Allergic reactions leading to hives, difficulty breathing, swelling of the face, throat, lips, or tongue have been reported. Severe side effects include serious infections that cause fever, diarrhea, vomiting, sore throat, and flu-like symptoms, shortness of breath with swelling of the hands and feet, chest pain, ongoing cough, coughing up blood or mucus, rapid or slow heart rate, burning during urination, confusion, neck stiffness, seizures, a severe skin rash that causes blistering and redness, dizziness, numbness, muscle weakness, joint pain with swelling or fever, unusual thoughts or behaviors, patchy skin color, red spots, or a butterfly-shaped rash on the face that worsens in sunlight. 

Minor side effects for Cimzia include stuffy nose, sinus pain, stomach pain, mild diarrhea, constipation, and pain or irritation at the injection site. 

Pros & Cons – According to Patients

Patients who have been prescribed Cimzia often report that the medication doesn’t last the full three to four weeks that the doses are designed for. Another common complaint that many cite is frequent illness when taking this medication, due to its immune-suppressing action. The second shot seems to be more painful for many patients, as well. Depending on insurance plans, Cimzia can be too expensive for some patients.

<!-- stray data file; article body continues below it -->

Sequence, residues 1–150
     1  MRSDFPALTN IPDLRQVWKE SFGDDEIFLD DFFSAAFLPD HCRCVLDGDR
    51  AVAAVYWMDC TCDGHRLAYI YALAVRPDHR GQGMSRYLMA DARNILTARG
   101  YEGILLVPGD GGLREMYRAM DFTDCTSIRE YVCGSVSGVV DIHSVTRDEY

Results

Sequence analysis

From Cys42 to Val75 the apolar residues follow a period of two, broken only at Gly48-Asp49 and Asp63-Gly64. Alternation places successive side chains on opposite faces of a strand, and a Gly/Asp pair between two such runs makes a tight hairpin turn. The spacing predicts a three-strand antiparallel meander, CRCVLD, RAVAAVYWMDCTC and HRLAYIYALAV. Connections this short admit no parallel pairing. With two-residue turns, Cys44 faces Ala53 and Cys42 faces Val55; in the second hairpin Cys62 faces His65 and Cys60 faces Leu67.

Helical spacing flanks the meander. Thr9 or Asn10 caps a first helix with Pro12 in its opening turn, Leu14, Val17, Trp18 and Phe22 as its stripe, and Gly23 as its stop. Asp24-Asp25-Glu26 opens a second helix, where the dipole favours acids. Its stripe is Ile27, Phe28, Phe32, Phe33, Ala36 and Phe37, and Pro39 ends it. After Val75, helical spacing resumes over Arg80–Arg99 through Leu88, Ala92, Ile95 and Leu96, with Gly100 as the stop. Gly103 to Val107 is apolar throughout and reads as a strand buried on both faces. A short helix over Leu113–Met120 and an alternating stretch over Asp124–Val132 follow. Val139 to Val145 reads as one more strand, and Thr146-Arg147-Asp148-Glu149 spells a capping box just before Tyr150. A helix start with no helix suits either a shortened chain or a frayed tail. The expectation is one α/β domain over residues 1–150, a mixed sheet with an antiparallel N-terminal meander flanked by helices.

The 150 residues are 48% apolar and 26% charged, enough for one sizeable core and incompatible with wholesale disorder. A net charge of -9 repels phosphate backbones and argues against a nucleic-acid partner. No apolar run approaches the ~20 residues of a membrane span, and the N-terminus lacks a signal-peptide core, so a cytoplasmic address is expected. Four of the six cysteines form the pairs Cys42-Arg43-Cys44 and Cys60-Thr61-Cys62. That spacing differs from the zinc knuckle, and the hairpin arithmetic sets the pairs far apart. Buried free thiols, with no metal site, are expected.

On a positive note, users who were previously prescribed Remicade tend to find Cimzia more pleasant and effective. One patient reported 5 of 8 fistulas closing within a month of beginning the medication. Even patients with excellent results often report severe and uncomfortable side effects, however. 

Research & Studies on Cimzia

In research studies regarding the efficacy of Cimzia, individuals who showed a clinical response to the medication showed significant reduction in symptoms within 6 to 26 weeks. By the 26 week mark, nearly half of these patients were in remission. Upper respiratory infections, rash, and urinary infections were the most commonly reported side effects in pre-market trials of Cimzia.